Table Loading…

I’m excited that my table dice holder that I was 3d printing yesterday turned out and works great! It’s for the final two dice production of my Cee-lo cup and dice routine. Here’s the finished holder:

magic dice holder

The holder has a notch in the bottom for my finger to contact the bottom of the dice and then to lift straight up to load them into the cup. Here’s this loading procedure in a test video:

This is way better than loading from the pocket for video! I’m glad I spent the time to make it and wasn’t okay with doing it the way I’ve always done it.

Final Loading Sequences

Many years ago I remember watching a VHS tape with Dan Fleshman who did his Fleshman Flash as part of his cups and balls routine. This is a cool loading move for cups and balls that is a virtually invisible way to load two balls into the cups.

It looks like he teaches the Fleshman Flash on The Restaurant Magic of Dan Fleshman DVD vol. 3.

dan fleshman magician

I remember rewinding that VHS tape over and over, the move was virtually invisible. Early on, that got me thinking about loading sequences and how you need to do more than simply put something into your pocket and steal it out the load.

Here’s and early version of my Cee-Lo Trick and at the end you can see the how the load of the second jumbo dice isn’t from my pocket.

And here’s another loading sequence that I’ve put together:

I think that varying your loading procedure is important. If they all come from the pocket at you put things away, it’s still surprising to an audience, but not as amazing. The more you go to your pockets the easier it is to backtrack. Start to think of clever ways to sneak the large production items in that aren’t all from the pocket.

Clean Up Your Act!

Apparently I’m pretty guilty of having some disgusting props. I was looking over what I use and my personal set of dice for my Cee Lo (cup and dice) routine are gross. I think how they got this bad is that I’m the only person that handles the dice, so I haven’t gotten anyone to … Continue reading “Clean Up Your Act!”

Apparently I’m pretty guilty of having some disgusting props. I was looking over what I use and my personal set of dice for my Cee Lo (cup and dice) routine are gross. I think how they got this bad is that I’m the only person that handles the dice, so I haven’t gotten anyone to react to their grossness.

The die with the number 1 up is the clean one and when compared to the other die, you can see how gross they were!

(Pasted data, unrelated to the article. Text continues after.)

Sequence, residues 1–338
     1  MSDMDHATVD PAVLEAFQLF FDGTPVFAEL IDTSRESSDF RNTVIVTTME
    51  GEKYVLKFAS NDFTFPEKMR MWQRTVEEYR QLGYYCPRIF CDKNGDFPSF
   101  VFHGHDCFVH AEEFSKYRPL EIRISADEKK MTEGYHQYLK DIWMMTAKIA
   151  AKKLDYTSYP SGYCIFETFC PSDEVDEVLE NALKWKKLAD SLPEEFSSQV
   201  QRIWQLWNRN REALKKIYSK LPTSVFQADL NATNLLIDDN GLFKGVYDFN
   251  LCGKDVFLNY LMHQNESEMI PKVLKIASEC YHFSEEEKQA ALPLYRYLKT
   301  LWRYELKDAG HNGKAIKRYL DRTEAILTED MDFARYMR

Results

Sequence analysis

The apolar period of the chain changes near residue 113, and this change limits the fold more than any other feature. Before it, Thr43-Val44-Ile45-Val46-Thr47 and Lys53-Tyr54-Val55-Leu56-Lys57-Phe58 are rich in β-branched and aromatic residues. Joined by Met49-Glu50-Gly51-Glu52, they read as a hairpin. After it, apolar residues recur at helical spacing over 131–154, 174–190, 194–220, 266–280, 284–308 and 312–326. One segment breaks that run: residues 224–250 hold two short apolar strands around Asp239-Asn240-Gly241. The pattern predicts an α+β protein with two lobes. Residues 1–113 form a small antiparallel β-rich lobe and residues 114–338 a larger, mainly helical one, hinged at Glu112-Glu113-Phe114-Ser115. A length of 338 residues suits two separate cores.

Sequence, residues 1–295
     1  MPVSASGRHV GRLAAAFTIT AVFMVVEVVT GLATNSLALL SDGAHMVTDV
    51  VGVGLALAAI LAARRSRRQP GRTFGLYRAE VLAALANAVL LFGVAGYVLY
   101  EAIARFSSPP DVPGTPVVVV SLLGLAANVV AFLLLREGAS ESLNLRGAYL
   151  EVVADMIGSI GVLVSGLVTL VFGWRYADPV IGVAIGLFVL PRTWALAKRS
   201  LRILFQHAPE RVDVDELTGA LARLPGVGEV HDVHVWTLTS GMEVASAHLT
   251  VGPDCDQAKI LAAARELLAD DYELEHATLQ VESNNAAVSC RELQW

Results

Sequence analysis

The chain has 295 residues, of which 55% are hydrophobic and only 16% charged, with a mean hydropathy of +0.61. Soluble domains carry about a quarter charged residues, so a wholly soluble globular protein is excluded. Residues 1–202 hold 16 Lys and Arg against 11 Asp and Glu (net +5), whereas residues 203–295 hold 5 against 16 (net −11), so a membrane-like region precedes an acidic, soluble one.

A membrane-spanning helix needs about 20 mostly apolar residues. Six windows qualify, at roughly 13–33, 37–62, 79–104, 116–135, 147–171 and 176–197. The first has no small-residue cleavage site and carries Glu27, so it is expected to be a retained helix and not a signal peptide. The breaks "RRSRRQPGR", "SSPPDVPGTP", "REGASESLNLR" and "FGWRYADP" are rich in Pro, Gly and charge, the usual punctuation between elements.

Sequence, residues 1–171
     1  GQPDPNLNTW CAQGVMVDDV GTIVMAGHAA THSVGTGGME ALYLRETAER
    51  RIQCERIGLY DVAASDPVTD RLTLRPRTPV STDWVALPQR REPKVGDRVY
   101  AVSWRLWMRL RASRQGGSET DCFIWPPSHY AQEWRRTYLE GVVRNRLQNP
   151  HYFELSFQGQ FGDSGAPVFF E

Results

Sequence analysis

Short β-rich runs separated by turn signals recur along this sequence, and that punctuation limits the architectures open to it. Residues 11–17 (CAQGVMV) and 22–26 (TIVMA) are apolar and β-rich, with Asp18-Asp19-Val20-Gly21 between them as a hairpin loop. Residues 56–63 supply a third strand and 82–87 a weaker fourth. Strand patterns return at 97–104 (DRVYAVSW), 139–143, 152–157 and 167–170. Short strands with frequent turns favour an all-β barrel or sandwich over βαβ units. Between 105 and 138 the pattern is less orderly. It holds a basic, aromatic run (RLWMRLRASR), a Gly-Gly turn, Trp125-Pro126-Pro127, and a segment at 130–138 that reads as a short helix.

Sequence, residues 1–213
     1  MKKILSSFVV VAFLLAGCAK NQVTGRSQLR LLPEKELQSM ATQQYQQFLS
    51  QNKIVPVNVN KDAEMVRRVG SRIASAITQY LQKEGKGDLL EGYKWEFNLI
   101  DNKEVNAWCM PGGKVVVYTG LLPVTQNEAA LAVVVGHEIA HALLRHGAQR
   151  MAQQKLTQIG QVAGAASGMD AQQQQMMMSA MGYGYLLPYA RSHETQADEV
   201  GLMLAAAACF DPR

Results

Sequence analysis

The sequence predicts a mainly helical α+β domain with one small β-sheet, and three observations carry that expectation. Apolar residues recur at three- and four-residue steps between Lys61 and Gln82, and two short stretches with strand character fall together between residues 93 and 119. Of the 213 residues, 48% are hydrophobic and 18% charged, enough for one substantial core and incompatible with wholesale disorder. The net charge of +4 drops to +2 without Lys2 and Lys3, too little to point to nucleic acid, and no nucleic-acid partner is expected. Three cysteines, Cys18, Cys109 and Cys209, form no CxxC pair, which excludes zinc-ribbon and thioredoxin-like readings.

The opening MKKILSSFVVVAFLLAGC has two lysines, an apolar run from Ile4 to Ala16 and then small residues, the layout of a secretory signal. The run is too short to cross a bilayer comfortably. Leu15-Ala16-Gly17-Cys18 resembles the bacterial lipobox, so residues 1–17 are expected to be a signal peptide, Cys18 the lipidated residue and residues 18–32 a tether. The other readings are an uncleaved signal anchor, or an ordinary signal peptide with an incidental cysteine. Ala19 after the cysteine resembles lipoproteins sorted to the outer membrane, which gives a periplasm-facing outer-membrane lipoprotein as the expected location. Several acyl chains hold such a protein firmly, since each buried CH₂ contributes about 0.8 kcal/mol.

Right now is a good time to take a look your props and give them a good wipe down, even if they don’t need it!

Social Distance Magic

Well, in the span of two days the world has really changed, or at least the United States has. In a span of 48 hours we’ve have bans on events of over 100 people and entire states close their school districts for over a month! Many performers are complaining about this, instead moving forward and … Continue reading “Social Distance Magic”

Well, in the span of two days the world has really changed, or at least the United States has. In a span of 48 hours we’ve have bans on events of over 100 people and entire states close their school districts for over a month! Many performers are complaining about this, instead moving forward and innovating.


Right now as a performer you don’t have control over attendance caps on events or the venue being able to sanitize it, so let’s look at something we can control, close up magic. Right now no one wants to touch anything. Everything is getting wiped down and people are constantly sanitizing. It’s gotta be a hard time for a close up magician. One of the advantages is that people can touch the props and the magic happens in their hands.


Currently having someone hold sponge balls isn’t socially acceptable, I’d argue it hasn’t been for a while as they are full of germs. Even if you wash them every night, they are gross by the time the second person holds them. Sponge balls are crutch for lazy close up performers. It’s easy for a beginner to get a reaction with them, and I’ll admit it’s a good trick. If you took it out of your close up set, would people like your act the same?


I’m looking at my close up show and thinking about what I can do without people touching anything. I don’t do sponge balls, or sponge anything, so that’s no problem. My ambitious card routine (technically a multiple revelation) needs one bit cut out of it, which is the card to mouth phase. This is a bit I started to get uncomfortable with a few years ago, and this is what I need to force me to take it out. My linking pins routine has two in the hands phases, however those are newer additions to the routine, and I can revert to the old routine which is almost as strong as the current one. The shell game,and cup and dice routine all can be done without people touching anything.


Look at your close up show, can you do it in our current climate of “social distancing”?